The Puff Pastry Biryani concept is a bit of a brain twister for us Brits (containing both rice and pastry), but it really isn’t that different when you think about it; after all, do we not happily combine double-carb whammies in several of our beloved meals? – Pie and Chips being the glaringly obvious one. As with my dish, this ‘pie’ had been steam cooked, with the pastry lid sealing in the Chicken Breast meat and Rice mixture, and as a result the rice was light and fluffy, the poultry juicy and tender. Chef had used a superb blend of spices to flavour the meat and grains, and ‘gravy’ (tomato based curry sauce) was served in a separate pot so that you could add your perfect amount. Fence-sitters can now climb down; you’ll like this fusion dish when you get your chops round it, trust me.



I don’t know about you all, but I can’t have an Indian meal without having some sort of Naan bread; I just can’t! In the past I’ve had all manner of Peshwari Naans (some better than others!) but I have to say that we both really liked the one served here at The Elephant and Peacock in Milford. For a start there wasn’t too much filling; ok, a bit fell out, but not the usual avalanche that lands all over your lap, and it was solely Coconut, rather than Coconut and Sultana. The finely shredded, pressed Coconut wasn’t tooth-tinglingly sweet either thanks to the distinct notes of Cardamom tempering it – this was a very tasty accompaniment.

Being perfectly honest, we’d ordered the Raita to provide an injection of moisture in case the Biryani had been a bit on the claggy/dry side, which it turned out to most certainly NOT be, but the cooling Cucumber and Yoghurt mix came in blooming handy with the unexpectedly ardent Garlic Chilli Chips!



Skinny fries have been glammed up Bollywood style at the Elephant and Peacock and if these morsels were alive they would be working the gastro red carpet and winning Oscars! The crisp, golden outers of the fries have been bathed in a super-sticky glaze that swaggers around in your mouth like it owns the place and, to be fair, it totally does. The only thing I can describe the glaze’s composition as is that if you imagine Sweet Chilli dipping sauce reduced to its absolute minimum liquid content, then you’re getting somewhere near! Chilli provided the heat, with Garlic lingering nicely in the background rather than being at Dracula slaying concentrations. I don’t think my (or anyone else’s, for that matter) palate could’ve coped with an intense tag-team of Chilli and Garlic; one element needed to take the lead with the other supporting, something that Chef clearly had given a lot of thought to. These minxes are our new favourite thing – where have you been all our lives??!!! If I had one criticism, it would be that they aren’t on the bar snack menu; seriously guys, c’mon!!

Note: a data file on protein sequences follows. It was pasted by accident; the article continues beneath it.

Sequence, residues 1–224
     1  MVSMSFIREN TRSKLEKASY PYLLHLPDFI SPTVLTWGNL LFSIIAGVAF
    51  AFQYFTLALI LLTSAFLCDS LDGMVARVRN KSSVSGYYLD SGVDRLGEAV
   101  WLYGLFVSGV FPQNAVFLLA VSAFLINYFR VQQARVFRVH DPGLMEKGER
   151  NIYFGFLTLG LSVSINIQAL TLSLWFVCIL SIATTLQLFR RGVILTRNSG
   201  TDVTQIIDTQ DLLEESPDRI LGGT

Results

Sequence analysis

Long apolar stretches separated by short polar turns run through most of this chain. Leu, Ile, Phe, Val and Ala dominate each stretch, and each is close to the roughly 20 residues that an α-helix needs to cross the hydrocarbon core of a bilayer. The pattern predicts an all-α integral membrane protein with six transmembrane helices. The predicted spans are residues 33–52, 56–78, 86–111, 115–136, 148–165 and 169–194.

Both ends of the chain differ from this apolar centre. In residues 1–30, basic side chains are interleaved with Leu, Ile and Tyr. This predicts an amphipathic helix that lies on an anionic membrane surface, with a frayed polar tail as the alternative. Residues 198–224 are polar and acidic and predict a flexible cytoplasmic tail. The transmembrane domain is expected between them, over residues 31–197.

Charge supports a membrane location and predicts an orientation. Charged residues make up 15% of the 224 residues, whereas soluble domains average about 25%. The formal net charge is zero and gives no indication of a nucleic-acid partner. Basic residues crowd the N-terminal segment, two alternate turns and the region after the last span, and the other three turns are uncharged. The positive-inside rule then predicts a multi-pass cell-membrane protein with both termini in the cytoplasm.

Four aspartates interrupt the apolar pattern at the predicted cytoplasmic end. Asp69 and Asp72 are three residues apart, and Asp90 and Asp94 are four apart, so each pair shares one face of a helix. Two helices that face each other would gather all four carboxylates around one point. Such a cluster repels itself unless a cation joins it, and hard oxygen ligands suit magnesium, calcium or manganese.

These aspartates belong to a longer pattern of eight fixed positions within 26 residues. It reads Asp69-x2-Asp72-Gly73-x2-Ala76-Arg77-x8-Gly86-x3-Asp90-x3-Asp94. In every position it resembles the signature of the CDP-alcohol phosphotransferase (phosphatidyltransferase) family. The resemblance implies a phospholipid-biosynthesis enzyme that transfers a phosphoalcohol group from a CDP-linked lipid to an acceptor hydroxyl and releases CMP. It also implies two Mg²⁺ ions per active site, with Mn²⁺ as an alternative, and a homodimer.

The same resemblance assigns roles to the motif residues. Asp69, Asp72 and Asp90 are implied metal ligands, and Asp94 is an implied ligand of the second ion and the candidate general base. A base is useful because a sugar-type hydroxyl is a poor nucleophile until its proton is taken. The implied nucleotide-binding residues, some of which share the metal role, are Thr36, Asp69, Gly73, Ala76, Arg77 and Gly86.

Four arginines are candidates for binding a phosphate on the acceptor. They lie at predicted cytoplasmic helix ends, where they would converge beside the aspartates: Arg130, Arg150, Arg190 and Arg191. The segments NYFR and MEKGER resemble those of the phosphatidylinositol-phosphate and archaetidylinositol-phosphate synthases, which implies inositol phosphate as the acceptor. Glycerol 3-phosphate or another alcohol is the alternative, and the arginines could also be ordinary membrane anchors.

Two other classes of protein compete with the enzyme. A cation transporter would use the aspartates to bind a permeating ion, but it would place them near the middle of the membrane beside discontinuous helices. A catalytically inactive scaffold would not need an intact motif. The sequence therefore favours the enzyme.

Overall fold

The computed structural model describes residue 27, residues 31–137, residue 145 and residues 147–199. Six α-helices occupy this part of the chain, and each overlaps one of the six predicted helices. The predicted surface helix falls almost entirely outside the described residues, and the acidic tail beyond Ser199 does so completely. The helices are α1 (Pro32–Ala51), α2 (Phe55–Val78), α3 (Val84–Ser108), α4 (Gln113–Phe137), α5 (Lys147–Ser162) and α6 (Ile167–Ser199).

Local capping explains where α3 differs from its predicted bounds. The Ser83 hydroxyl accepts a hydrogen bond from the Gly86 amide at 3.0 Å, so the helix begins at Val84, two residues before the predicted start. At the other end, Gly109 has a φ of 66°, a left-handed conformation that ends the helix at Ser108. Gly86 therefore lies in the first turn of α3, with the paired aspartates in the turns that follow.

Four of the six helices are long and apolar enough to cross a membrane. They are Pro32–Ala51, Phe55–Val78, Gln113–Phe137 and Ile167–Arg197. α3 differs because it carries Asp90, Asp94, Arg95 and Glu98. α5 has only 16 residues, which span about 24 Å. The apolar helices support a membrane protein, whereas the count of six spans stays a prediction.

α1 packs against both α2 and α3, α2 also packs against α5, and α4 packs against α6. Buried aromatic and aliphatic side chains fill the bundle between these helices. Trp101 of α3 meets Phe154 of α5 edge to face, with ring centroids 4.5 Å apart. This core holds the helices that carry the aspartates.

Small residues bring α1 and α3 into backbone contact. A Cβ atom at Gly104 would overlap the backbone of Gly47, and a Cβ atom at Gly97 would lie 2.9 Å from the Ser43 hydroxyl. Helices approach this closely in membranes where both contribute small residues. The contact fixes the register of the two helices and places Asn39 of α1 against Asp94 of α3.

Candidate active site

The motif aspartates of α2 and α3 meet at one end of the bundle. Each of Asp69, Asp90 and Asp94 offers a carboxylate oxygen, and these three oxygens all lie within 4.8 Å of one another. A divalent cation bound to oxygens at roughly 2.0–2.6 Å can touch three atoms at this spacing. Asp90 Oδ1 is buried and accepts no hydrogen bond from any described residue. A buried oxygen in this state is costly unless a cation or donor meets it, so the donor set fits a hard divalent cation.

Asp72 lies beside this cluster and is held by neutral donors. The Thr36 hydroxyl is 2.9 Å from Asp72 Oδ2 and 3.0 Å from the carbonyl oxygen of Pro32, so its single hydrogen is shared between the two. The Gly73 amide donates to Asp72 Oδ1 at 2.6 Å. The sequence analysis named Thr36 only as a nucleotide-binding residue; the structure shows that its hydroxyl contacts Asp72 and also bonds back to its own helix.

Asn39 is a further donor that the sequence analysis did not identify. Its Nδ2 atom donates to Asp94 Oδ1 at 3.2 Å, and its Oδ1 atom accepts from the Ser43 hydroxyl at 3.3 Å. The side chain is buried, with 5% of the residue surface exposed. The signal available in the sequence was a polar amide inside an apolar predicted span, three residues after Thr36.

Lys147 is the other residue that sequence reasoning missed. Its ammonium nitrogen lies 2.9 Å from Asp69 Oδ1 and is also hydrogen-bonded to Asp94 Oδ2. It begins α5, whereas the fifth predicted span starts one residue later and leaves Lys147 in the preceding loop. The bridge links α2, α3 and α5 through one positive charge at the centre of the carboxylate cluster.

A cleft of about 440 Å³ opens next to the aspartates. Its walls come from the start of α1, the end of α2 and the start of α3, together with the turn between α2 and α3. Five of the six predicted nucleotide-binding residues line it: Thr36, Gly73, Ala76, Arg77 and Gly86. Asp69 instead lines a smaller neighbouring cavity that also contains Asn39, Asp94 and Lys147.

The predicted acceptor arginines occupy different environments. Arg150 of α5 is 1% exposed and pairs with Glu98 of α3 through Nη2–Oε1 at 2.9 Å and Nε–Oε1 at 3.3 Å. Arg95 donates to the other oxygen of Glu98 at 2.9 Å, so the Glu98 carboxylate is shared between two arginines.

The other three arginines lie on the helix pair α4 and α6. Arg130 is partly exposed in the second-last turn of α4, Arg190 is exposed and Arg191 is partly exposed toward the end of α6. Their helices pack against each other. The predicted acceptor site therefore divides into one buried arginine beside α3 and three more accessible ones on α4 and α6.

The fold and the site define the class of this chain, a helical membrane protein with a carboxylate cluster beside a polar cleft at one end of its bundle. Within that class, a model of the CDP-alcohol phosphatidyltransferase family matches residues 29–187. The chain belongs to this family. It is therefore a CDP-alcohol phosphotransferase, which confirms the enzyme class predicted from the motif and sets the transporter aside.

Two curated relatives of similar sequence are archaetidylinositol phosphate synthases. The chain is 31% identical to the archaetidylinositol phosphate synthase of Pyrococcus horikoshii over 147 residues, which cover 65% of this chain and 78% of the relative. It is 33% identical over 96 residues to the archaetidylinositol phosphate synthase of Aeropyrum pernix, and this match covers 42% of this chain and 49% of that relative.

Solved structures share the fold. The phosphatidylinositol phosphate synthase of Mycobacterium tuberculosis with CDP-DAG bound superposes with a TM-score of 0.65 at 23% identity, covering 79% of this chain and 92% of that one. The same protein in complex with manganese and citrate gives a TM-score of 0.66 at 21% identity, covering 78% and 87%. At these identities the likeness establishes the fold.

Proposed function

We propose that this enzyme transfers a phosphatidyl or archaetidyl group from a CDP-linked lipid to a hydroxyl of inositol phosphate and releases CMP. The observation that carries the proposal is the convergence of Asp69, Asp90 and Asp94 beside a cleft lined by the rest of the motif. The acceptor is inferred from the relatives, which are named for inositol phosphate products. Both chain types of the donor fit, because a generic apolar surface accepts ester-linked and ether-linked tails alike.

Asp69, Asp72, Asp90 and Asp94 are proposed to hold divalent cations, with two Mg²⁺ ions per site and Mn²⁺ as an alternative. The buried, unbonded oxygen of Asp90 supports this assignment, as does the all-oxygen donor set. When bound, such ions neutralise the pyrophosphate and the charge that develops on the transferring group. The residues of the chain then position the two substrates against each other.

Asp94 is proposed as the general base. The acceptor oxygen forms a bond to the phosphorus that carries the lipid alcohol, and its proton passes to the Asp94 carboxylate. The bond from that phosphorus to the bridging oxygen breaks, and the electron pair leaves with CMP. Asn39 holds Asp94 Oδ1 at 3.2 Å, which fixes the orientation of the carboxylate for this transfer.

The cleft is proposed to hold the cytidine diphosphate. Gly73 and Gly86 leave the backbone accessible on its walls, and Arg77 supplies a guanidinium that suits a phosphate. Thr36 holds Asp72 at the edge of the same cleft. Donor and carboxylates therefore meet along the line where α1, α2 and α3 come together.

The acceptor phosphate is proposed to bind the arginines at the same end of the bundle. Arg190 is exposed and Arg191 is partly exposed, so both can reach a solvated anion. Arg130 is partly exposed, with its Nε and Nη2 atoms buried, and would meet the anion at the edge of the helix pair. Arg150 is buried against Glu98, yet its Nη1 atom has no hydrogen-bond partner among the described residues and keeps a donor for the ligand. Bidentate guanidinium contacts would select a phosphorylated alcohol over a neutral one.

Holly had been keeping an eye on our progress and had come over a couple of times to check we were happy with everything. When she took our plates and side dishes away she asked if we’d like desserts and, when we said yes, whether we’d like a little breathing space before they were brought out. This young lady is an absolute super star and, as her confidence increases, will just get better and better.

As soon as His Nibs spied the Gulab Jamun (£4) that was his dessert decision firmly made, and I can never resist the charms of Chocolate Chai Brownie (£5) so that was what we had! The Man Birds’ fried, sweet dumplings came with a choice of Vanilla Ice cream or Kulfi and he opted for Vanilla Ice Cream.



My generous square of warmed Cardamom and Ginger pimped Chocolate Brownie was slowly melting the scoop of Ice Cream and it seductively oozed down the sides and I urged His Nibs to hurry up with the photos so that I could tuck in! This was a perfect example of a Brownie: a light, crisp crust and wonderfully gooey centre that coated the insides of my cheeks and mouth, lingering for a while so that I could fully appreciate its charm. The rich cocoa was partnered by the unmistakeable perfume of Cardamom, with Ginger subtly flirting at the periphery of the flavour profile. This was a superb dessert that had several layers of taste to it and I’d happily eat this all day long!



His Nibs was an equally smitten kitten with his Gulab Jamun; he really does love this classic Indian pud! The small dumpling spheres have a satiating, dense texture that makes them the ideal vessel over which to pour intensely fragrant, sweet syrups, in this case a Rose one. Without wishing to be rude (I’ll leave that to all the ‘innuendo bingo’ players out there!) this pair of balls were beautifully tasty and lip-smackingly luscious, thanks to the syrup’s moistness. This is a classic example of a dessert being small-but-mighty; you couldn’t gorge on more than a couple of these treats without feeling podged, but they are the perfect end to an Indian meal.

This had been a wonderful experience, not that we were expecting anything less from Lotus Indian Kitchen’s sibling site. Thank you to Jaina for the kind invitation; all that remains for me to say is that Hot Wings have happily been awarded to this fab Milford team.